Qantas engineers stopped work for four hours at Brisbane, Melbourne and Sydney airports over May 29-30. The workers are campaigning for a 5% wage increase.
The stopwork meetings were to have taken place two weeks ago. They were called off when the Australian Licensed Aircraft Engineers Association (ALAEA), the workers' union, received information that Qantas had recruited strike breakers to fill the workers' jobs while they were on strike.
Qantas has cried poor, citing rising aircraft fuel prices as the reason it couldn't offer the workers more than a 3% increase. The airline claims it must make $1.5 billion in cuts to remain profitable.
The May 15 Sydney Morning Herald reported that Qantas had contracted labour hire company Newport Aviation to recruit more than 100 aircraft engineers from the region to replace Qantas staff if they proceeded with their stop work.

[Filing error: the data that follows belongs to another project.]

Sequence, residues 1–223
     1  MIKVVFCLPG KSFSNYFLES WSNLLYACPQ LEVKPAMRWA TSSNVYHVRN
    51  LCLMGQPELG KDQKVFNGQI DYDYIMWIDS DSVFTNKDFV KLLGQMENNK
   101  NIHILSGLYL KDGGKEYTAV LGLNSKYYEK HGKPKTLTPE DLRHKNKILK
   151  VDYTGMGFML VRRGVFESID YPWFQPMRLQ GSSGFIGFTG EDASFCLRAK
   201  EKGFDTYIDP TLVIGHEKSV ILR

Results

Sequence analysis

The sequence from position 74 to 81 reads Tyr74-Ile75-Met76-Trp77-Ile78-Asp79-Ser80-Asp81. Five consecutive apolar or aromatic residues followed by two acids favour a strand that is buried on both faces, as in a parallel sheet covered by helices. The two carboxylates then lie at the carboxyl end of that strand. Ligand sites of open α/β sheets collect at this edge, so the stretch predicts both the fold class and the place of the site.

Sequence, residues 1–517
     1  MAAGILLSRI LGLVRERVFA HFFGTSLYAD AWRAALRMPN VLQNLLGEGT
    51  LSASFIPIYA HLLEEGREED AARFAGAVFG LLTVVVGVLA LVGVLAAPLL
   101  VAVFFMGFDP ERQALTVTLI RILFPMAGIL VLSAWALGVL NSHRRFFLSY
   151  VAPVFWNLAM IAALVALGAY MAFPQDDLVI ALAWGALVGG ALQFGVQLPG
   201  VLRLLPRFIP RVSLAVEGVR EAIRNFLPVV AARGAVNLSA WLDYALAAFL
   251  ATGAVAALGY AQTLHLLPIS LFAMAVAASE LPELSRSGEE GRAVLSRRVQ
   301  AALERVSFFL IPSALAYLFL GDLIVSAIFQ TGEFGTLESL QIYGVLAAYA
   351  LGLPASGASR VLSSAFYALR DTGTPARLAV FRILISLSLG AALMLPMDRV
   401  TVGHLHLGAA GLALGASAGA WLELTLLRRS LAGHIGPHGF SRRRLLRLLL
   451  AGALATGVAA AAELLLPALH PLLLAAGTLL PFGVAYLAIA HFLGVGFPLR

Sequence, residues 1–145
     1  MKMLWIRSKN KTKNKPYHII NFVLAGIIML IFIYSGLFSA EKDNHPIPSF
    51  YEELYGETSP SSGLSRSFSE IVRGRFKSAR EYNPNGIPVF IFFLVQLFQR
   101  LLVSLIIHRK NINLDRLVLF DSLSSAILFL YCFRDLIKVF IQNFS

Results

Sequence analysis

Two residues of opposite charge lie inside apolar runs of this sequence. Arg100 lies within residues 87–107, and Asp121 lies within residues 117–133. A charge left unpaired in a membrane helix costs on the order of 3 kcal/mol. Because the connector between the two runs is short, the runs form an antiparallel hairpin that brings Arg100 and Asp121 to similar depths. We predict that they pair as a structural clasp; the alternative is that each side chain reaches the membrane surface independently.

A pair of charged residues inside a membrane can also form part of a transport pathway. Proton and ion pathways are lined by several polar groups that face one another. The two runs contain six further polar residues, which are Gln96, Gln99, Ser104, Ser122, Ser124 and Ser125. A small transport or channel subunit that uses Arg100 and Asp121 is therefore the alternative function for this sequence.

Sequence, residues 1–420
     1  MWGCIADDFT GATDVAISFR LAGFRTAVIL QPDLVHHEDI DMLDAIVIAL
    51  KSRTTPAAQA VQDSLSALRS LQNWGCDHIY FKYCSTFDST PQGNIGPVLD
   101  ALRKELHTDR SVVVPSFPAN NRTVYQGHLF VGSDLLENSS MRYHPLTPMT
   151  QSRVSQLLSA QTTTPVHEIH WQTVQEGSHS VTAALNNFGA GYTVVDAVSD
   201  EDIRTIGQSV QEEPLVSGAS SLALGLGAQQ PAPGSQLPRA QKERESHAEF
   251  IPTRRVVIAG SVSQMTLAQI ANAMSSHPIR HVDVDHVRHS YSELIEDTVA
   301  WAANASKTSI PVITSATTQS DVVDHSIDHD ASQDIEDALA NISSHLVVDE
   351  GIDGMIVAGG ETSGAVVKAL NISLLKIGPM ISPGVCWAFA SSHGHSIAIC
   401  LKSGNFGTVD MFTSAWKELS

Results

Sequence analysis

Steve Purvinas, ALAEA federal secretary, told ABC radio program AM on May 15 that the union had received a copy of a contract that one of the scabs had signed with the labour hire company. "It's a document or a contract between an Australian and a company called Newport Aviation to pay him $100,000 for six months", Purvinas told AM.
"These people, who have signed these contracts, have been put in a classroom and taught how to certify for Qantas planes. And the plan is for them to step onto those airports and take the place of Qantas workers when Qantas has the ability to lock them out from their employment."
Qantas replaced engineers with management staff for the duration of the four-hour stoppages. However, the company has refused to rule out the use of strike breakers should the union hold more strike action.